An improved technique solves these deficiencies by using conditional advertisement of routing prefixes and conditional acceptance of routing prefixes in order to synchronize the encryption and routing states of two network hosts wishing to communicate. In one embodiment, routing information is only advertised if a security policy is in place within a network node. In addition, in another embodiment, received routing updates are only written into the node's routing table if the received routing update includes a reference to the proper security policy. In another embodiment, communication between the nodes only occurs once the routing information and security policy information has been properly distributed. In another embodiment, the routing advertisement includes a hash. Embodiments are also provided for apparatus and computer program products for practicing the invention.
An improved technique involves conditional route advertising. The route advertising is conditional on establishing a symmetric security policy within group members of a DGVPN. The group members wishing to communicate synchronize their routing states with their crypto-states. If the crypto-states do not synchronize, then the routing states do not synchronize either, and no communication is possible between the group members over a secure DGVPN. This may be referred to as a fail-close state. As a result, no communication is attempted unless both group members have a security policy in place.
In a DGVPN, groups are set up to allow for encrypted communications between subnets of the VPN. Typically, communications within each subnet is trusted, so the DGVPN is implemented at the routers controlling each subnet. These edge routers are referred to as network nodes. When a first computer in a first subnet wishes to communicate with a second computer in a second subnet, the communication will travel through the respective routers of each subnet. When the router of the first subnet (hereinafter, the first network node) receives the communication, it will determine the subnet prefix of the router of the second subnet (hereinafter, the second network node). If the second network node is part of a DGVPN group in common with the first network node (as determined by reference to a routing table), then secured communication between the first and second network nodes is possible by using a shared group key, provided by a key server. If the two network nodes are not within a common DGVPN group, then secure communication is not possible between the two nodes by means of a shared group key, in which case either unsecured communication must occur, or some other method of secured communication must be utilized.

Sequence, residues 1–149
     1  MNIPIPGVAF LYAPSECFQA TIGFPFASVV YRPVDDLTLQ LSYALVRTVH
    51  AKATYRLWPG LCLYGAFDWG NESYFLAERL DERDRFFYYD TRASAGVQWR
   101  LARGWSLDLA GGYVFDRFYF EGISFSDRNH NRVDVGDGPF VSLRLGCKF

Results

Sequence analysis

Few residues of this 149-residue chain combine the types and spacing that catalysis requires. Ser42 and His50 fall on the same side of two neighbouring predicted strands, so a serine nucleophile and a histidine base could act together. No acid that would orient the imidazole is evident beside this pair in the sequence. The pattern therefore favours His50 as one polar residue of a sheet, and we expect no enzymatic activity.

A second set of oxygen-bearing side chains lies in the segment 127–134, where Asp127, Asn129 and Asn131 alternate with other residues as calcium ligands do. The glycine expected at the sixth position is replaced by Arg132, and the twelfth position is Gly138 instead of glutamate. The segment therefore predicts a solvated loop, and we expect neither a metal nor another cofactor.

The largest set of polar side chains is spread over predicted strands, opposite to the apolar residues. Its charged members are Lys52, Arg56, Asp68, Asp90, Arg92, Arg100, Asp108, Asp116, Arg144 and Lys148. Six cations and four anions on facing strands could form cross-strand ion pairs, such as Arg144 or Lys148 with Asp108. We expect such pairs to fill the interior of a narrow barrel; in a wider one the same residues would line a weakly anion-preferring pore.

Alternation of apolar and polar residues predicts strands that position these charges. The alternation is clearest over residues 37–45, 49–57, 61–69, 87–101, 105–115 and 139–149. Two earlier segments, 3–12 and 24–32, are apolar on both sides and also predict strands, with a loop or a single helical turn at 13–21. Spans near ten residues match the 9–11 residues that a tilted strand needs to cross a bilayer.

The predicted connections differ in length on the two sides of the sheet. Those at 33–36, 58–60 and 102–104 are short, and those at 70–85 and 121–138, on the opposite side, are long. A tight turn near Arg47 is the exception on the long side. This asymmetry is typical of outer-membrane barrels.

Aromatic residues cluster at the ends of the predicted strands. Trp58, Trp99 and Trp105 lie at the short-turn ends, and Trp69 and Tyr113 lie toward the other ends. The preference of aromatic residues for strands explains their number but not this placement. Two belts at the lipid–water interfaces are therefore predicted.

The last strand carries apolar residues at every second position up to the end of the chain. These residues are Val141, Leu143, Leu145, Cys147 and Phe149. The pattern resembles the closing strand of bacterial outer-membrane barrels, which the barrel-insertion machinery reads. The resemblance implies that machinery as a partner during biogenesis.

In order to set up a DGVPN group, a network node, known as a group initiator, identifies a plurality of additional network nodes as members of the group. This involves sending a request to a key server with a list of the subnet prefixes of each of those network nodes. The key server responds by assigning a group ID and a group key to the group identified by the provided subnet prefixes. The key server also provides an authentication mechanism. The group initiator updates its routing table to indicate that the subnet prefixes indicate the group having the group ID. The group initiator also propagates the group ID and the list of subnet prefixes to all the network nodes within the group. Each network node within the group may then contact the key server with the group ID, be authenticated, and receive the group key. This group key is used for secured communications between the network nodes of the DGVPN group.